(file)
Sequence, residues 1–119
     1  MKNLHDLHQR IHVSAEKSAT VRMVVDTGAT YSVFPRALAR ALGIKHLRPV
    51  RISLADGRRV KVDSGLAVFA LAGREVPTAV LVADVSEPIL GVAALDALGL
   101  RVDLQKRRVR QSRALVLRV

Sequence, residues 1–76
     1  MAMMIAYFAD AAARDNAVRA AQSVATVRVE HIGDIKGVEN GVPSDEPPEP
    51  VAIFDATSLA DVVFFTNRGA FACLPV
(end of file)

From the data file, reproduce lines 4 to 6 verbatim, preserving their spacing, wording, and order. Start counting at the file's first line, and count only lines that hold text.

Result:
   101  RVDLQKRRVR QSRALVLRV

Sequence, residues 1–76
     1  MAMMIAYFAD AAARDNAVRA AQSVATVRVE HIGDIKGVEN GVPSDEPPEP